Ozone and Rhinovirus-Induced Disease in Asthmatics
In the U.S., morbidity associated with human rhinovirus (RV) infection represents a major health problem. In asthmatics, up to 80% of asthma exacerbations are associated with upper respiratory infections. Despite evidence that environmental oxidant pollutants, such as ozone, may increase the severity of viral disease, the mechanisms underlying such an effect have not been identified. This study will test the hypothesis that exposure of allergic asthmatic subjects to ambient levels of ozone directly enhances viral disease by increasing infectivity and intensifying virus-induced inflammation.
|Study Design:||Time Perspective: Prospective|
|Study Start Date:||September 1999|
|Estimated Study Completion Date:||August 2003|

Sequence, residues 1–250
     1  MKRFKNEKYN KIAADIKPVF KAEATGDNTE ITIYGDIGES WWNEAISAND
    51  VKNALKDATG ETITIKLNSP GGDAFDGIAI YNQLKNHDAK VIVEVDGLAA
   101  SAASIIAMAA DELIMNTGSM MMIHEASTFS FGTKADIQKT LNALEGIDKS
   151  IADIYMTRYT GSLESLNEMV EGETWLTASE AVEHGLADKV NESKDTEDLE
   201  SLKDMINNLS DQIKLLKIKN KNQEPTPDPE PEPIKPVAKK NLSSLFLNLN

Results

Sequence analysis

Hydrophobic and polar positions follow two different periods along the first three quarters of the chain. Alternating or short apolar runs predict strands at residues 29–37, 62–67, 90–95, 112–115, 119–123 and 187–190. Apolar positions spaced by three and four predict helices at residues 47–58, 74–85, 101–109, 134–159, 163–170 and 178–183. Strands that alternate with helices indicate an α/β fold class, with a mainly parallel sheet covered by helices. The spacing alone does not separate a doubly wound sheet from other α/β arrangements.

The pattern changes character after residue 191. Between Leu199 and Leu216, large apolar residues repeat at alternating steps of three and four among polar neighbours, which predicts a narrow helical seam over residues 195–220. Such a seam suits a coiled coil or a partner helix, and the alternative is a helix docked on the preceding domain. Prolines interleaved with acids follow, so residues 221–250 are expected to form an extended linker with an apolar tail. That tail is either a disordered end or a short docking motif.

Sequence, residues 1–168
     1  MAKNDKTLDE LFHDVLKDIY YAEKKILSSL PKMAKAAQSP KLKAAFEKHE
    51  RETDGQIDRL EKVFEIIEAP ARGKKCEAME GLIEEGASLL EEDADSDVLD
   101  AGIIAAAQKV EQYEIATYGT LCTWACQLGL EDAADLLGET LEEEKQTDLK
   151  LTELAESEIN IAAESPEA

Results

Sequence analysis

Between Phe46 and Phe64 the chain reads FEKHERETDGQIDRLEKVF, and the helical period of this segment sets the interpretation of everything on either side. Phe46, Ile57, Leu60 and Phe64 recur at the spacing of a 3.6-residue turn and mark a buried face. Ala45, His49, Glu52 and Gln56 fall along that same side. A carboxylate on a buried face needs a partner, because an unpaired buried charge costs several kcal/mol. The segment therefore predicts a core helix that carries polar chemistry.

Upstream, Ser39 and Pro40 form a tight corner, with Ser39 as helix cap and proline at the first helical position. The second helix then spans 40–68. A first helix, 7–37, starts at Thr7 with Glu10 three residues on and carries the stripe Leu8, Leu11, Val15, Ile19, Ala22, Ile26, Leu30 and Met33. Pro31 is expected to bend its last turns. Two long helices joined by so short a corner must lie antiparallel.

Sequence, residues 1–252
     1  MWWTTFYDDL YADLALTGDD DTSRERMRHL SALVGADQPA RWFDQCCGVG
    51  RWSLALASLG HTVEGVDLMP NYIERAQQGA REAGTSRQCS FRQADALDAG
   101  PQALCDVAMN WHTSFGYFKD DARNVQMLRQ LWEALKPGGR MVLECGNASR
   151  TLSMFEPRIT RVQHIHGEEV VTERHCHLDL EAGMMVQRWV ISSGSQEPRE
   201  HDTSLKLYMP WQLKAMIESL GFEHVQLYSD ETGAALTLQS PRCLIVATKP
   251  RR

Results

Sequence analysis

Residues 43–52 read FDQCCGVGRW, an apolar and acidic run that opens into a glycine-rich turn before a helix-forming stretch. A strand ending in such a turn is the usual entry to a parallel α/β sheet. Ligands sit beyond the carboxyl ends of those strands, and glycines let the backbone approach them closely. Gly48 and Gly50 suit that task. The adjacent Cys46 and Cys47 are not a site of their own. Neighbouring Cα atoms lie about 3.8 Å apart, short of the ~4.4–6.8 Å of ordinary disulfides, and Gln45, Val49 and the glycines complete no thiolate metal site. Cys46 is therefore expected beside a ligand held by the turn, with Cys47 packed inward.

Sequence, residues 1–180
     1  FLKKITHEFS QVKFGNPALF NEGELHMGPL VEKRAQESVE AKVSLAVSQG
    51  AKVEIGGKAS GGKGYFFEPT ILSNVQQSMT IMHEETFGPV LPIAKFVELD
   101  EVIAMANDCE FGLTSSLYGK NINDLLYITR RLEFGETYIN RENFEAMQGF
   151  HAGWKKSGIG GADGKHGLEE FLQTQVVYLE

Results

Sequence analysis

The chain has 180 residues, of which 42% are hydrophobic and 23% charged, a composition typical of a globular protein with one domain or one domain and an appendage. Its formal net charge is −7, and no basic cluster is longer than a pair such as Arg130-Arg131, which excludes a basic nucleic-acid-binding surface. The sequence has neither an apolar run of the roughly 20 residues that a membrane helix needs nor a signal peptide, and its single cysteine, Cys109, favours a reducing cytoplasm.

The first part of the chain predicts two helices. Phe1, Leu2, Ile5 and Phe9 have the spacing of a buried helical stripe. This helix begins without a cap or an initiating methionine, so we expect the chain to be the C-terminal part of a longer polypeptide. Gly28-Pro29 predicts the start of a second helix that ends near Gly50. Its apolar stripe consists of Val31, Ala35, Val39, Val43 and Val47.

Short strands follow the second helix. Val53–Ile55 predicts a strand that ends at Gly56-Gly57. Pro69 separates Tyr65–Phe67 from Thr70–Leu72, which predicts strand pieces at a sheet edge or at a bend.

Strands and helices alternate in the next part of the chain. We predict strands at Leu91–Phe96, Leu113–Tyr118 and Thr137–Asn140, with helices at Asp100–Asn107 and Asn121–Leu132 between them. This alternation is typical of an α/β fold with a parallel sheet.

In mild asthmatics, the study will investigate: (1) if exposure to ozone will enhance the viral infective process in the nasal epithelium, (2) the effect of ozone exposure on RV-induced inflammatory gene expression, mediator release and inflammatory cell influx into the upper and lower airways, and (3) the interactive effects of ozone and RV on airway reactivity. This information will improve our understanding of the risk associated with oxidant pollutant exposure in this population of individuals in whom RV infection may represent a significant health concern.
Please refer to this study by its ClinicalTrials.gov identifier: NCT00013715
|United States, Maryland|
|The Johns Hopkins School of Hygiene and Public Health|
|Baltimore, Maryland, United States, 21205|